The DNA of prokaryotic genomes is found in two structures

Chromosomes and plasmids


Prokaryotic cells, both bacterial and archeaeal, package the main portion of their DNA, along with associated molecules of protein and RNA, as one or two distinct?

Chromosomes. Prokaryotic cells have a single copy of each chromosome and are called haploid cells


A typical prokaryotic chromosome consists of a circular molecule of DNA localized in a region of the cytoplasm called the?



What are the base pairs for DNA and RNA?

DNA: A-T base pair, G-C base pair
DNA: A-U base pair, G-C base pair


What structures do DNA nucleotides and RNA nucleotides have in common?

Both DNA & RNA nucleotides are each composed of a pentose sugar, a phosphate, and a nitrogenous base


The enzyme gyrase further folds?

And supercoils the entire prokaryotic chromosome


In addition to chromosomes, many prokaryotic cells contain one or more plasmids, which are?

Small molecules of DNA that replicate independently of the chromosome


Each plasmid carries?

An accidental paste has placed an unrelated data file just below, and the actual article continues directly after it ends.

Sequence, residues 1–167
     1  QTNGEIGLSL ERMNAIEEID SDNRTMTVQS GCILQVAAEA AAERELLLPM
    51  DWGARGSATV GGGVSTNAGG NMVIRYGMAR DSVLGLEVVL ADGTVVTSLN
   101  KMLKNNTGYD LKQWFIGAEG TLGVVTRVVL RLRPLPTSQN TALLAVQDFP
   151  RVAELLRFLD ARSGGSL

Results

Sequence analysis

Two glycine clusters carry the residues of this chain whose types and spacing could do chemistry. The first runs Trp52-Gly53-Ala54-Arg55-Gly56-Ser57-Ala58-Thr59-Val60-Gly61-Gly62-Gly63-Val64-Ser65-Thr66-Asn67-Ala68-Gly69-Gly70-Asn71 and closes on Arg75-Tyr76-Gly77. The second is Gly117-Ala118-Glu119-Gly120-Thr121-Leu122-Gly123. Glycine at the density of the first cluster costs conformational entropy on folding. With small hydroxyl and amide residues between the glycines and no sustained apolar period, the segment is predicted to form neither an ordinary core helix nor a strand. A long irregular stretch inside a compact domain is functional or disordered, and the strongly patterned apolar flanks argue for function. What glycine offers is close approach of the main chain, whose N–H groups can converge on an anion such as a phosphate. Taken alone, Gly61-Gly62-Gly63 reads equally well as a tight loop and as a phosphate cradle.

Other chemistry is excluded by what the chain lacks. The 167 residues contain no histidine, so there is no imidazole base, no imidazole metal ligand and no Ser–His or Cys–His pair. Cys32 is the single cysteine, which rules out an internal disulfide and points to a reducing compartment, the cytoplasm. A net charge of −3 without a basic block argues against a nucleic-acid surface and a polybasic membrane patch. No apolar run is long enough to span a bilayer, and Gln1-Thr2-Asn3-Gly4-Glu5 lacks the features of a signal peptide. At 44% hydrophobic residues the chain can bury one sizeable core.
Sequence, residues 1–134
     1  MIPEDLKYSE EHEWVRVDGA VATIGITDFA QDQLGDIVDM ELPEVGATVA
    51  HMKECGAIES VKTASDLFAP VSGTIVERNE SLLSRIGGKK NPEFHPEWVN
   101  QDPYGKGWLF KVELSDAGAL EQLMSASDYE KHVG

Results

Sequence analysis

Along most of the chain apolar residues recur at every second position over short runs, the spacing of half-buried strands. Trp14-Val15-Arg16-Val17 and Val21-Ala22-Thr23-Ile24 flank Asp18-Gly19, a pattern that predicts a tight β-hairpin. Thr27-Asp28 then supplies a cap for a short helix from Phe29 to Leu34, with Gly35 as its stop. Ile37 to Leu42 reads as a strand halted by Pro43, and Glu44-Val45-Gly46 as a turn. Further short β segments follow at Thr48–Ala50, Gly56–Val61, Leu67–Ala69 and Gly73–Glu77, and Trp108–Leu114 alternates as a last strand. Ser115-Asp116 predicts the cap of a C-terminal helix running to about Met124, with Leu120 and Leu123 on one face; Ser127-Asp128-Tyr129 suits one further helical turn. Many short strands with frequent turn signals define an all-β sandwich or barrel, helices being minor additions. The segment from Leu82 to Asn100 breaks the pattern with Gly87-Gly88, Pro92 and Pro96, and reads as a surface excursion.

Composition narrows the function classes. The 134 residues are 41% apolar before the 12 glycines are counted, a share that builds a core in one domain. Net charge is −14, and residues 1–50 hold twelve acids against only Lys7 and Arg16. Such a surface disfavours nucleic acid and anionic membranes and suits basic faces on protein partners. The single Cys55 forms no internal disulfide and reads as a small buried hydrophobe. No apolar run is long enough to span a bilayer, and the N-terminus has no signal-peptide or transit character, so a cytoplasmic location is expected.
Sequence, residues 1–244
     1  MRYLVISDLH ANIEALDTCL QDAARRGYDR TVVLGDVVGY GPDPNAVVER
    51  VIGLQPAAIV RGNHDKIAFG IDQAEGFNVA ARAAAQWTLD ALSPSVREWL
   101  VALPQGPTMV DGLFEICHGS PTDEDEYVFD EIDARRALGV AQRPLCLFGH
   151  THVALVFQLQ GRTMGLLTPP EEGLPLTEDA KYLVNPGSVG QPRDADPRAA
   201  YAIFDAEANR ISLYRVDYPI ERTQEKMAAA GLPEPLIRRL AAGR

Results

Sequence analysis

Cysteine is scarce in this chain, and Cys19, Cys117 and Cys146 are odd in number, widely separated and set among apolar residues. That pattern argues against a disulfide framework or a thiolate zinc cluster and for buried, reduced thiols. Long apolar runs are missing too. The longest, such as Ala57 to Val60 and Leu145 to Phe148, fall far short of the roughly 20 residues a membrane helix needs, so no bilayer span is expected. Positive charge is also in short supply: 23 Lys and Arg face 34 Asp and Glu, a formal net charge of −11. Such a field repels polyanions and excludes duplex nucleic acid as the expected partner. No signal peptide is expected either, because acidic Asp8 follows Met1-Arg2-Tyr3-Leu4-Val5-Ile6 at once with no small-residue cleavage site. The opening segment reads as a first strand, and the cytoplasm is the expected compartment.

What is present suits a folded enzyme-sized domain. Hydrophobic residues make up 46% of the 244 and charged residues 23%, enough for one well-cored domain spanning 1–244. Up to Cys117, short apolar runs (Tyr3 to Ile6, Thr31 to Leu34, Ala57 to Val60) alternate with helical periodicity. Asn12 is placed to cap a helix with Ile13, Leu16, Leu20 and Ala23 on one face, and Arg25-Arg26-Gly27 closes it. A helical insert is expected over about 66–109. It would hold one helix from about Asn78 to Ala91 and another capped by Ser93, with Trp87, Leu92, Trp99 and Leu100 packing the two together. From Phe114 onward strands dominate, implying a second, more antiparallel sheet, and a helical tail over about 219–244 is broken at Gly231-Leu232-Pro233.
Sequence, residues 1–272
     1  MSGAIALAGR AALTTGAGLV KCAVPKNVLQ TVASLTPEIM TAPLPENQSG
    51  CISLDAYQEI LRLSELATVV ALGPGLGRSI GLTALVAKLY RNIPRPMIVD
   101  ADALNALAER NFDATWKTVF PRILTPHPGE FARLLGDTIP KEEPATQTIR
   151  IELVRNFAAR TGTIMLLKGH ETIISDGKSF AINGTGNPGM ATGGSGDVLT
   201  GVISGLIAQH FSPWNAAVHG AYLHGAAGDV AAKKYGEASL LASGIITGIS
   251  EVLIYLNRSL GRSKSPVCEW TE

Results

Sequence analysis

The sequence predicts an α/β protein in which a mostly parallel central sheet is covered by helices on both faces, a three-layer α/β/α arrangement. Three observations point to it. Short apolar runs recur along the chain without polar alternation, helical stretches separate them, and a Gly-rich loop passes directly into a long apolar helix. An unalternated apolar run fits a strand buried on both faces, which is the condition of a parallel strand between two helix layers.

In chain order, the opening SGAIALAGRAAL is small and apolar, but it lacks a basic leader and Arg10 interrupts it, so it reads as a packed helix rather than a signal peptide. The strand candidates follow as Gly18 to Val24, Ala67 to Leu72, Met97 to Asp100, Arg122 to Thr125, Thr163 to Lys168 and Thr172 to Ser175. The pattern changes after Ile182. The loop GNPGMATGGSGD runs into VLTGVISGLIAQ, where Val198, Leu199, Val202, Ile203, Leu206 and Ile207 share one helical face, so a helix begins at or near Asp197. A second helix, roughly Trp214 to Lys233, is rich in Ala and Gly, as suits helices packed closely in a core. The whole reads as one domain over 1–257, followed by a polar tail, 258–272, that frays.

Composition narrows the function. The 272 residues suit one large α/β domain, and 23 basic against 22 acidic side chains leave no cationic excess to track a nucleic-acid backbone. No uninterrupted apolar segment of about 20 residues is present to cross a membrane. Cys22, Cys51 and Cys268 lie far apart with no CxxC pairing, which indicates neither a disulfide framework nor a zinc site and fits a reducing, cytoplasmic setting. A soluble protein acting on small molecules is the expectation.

Information required for its own replication, and often for one or more cellular traits. Typically, genes carried on plasmids are not essential for normal metabolism, for growth, or for cellular reproduction but can confer advantages to the cells that carry them.


Carry instructions for conjugation, a process involved in transferring genes from one bacterial cell to anothher

Fertility (F) plasmids


Carry genes for resistance to one or more antimibrobial drugs or heavy metals. Certain cells can transfer resistance plasmids to other cells, which then acquire resistance to the same antimicrobial chemicals.

Resistance (R) plasmids


Carry genes for proteinaceous toxins called bacteriocins, which kill bacterial cells of the same or similar species that lack the plasmid. In this way a bacterium containing this plasmid can kill its competitors.

Bacteriocin plasmids


Carry instructions for structures, enzymes, or toxins that enable a bacterium to become pathogenic. For example, E. coli, a normal resident of the human gastrointestinal tract, causes diarrhea only when it carries plasmids that code for certain toxins

Virulence plasmids


Eukaryotic genomes consist of both

Nuclear and extranuclear DNA


DNA replication is what type of process?

Anabolic polymerization process that allows a cell to pass copies of its genome to its descendants.